Dr Clare Stevenson, Head of Directorate at the John Innes Centre at Norwich Research Park, explains how her work is helping to deliver the institute’s world-changing science, while championing the role of technicians in UK research.
Each month, those working at the pioneering heart of Norwich Research Park tell us how their work is shaping the world we live in. Read their stories here.
What does your role involve?
I am an enabler. I use my expertise to support the John Innes Centre director, Professor Graham Moore, to deliver our strategy and research. This job is very varied and can involve everything from operations, funding, institute vision and strategy, through to culture and troubleshooting to ensure everyone is happy.
We’re currently in the process of securing our next five years of funding from the Biotechnology and Biological Sciences Research Council (BBSRC). The team gave a presentation in London in October about how we will use our plant and microbial science expertise to address the big societal questions and global challenges. These are encapsulated in our four Institute Strategic Programmes (ISPs): delivering sustainable wheat; advancing plant health; building robustness in crops; and harnessing biosynthesis for sustainable food and health.
I am also a fellow of the Royal Society of Chemistry and associate lead for the Technician Commitment team, a university and research institution initiative, with support from the Science Council and the Gatsby Foundation. Launched in 2017, the Technician Commitment aims to increase the visibility, recognition, career development and sustainability for technicians working in higher education and research, across all disciplines.
How do you champion the role of research technicians?
Technicians are the glue that holds any institute together. The term technician encompasses a variety of roles and includes those that grow our plants, look after our labs, prepare the media to grow bacteria and provide scientific support. They are often specialists in a specific technique or area of research and can therefore use that knowledge to train students and researchers, look after complex equipment and provide institutional memory. They make it possible for excellent research to happen.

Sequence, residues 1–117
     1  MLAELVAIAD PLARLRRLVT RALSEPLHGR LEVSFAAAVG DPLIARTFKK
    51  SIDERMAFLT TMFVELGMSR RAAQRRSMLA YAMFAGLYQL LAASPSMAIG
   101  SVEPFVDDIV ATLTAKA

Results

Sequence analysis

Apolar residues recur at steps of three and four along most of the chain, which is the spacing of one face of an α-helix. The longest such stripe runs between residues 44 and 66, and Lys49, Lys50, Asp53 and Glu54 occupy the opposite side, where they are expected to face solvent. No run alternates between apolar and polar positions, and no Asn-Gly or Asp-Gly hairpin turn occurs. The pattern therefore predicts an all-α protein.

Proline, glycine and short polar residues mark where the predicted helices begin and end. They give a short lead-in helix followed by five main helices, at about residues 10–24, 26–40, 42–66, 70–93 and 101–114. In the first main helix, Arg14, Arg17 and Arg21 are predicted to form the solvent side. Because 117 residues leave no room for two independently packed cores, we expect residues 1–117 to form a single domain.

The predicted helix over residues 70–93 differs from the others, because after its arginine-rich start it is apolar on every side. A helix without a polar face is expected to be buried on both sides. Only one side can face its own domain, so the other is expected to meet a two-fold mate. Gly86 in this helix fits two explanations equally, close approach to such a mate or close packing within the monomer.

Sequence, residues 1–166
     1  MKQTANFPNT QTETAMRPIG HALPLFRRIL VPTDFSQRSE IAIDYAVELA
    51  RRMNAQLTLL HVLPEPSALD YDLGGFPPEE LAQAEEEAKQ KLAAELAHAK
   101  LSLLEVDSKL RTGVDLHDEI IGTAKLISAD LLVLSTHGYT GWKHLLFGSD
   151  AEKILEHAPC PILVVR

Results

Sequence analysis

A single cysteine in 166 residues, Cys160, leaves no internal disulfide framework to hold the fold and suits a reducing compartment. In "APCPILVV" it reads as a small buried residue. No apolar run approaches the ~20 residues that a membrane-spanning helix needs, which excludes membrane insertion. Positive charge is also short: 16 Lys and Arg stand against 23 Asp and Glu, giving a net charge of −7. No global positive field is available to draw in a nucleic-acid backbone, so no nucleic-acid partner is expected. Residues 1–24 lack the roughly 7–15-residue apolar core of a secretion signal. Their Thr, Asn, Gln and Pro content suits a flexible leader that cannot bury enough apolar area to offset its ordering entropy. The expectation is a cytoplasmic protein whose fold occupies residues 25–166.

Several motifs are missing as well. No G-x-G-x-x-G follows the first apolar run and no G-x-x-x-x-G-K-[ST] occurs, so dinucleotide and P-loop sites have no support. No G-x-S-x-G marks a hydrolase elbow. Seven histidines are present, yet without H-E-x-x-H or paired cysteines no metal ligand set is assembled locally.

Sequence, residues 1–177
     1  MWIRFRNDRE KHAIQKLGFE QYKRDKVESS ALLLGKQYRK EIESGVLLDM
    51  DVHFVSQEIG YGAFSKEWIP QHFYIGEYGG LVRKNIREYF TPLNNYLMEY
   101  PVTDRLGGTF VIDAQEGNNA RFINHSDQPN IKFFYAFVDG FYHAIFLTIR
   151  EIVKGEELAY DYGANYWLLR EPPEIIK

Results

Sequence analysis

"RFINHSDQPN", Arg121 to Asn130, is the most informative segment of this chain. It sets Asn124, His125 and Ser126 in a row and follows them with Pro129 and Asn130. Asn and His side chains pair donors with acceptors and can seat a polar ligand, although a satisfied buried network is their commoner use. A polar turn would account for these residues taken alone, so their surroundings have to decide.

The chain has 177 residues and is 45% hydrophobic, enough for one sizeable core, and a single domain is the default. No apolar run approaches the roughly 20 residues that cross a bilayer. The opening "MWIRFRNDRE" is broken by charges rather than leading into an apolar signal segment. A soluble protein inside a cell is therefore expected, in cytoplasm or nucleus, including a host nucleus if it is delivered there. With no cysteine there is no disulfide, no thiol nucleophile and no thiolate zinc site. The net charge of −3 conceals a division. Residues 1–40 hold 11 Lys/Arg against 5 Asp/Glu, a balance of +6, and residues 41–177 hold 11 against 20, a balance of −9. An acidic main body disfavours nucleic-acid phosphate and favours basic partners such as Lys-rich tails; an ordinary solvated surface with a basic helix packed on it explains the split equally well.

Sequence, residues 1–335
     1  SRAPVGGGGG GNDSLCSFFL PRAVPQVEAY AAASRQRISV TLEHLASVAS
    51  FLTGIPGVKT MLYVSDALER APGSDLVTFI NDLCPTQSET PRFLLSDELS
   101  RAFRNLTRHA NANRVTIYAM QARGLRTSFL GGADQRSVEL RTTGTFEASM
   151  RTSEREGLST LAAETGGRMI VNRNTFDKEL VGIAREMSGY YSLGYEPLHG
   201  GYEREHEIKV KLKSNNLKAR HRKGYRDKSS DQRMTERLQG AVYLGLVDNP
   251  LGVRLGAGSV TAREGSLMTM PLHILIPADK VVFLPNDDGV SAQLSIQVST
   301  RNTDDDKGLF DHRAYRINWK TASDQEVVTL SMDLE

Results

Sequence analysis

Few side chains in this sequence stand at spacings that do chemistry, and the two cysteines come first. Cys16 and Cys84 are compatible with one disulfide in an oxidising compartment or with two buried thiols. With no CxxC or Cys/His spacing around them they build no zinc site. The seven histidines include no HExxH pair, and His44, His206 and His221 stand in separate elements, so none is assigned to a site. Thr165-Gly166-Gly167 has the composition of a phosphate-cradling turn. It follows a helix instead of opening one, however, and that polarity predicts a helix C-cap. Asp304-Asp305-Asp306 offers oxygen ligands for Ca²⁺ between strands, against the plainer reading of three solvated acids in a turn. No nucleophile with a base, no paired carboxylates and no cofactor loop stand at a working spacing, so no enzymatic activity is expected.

I joined the John Innes Centre as a research assistant in structural biology in 1995. It was a real learning curve where I became an expert in protein crystallography – a technique for solving the three-dimensional structure of proteins from protein crystals.
Proteins are large, complex molecules present in all living organisms. They play important roles in structure, function and regulation and include many essential biological compounds such as enzymes, hormones and antibodies. If you know what they look like in three dimensions, you will gain a greater understanding of how that protein works, which can lead to a better understanding of disease, being able to modify the protein to increase efficiency and creating new and improved drugs
I have not followed the classic scientific career path. After my degree, I worked in industry testing new drugs then moved to the John Innes Centre where I carried out research, completed my PhD and worked on a structural biology facility. This year, I left the lab bench to move to a senior management role supporting the scientists in a different way.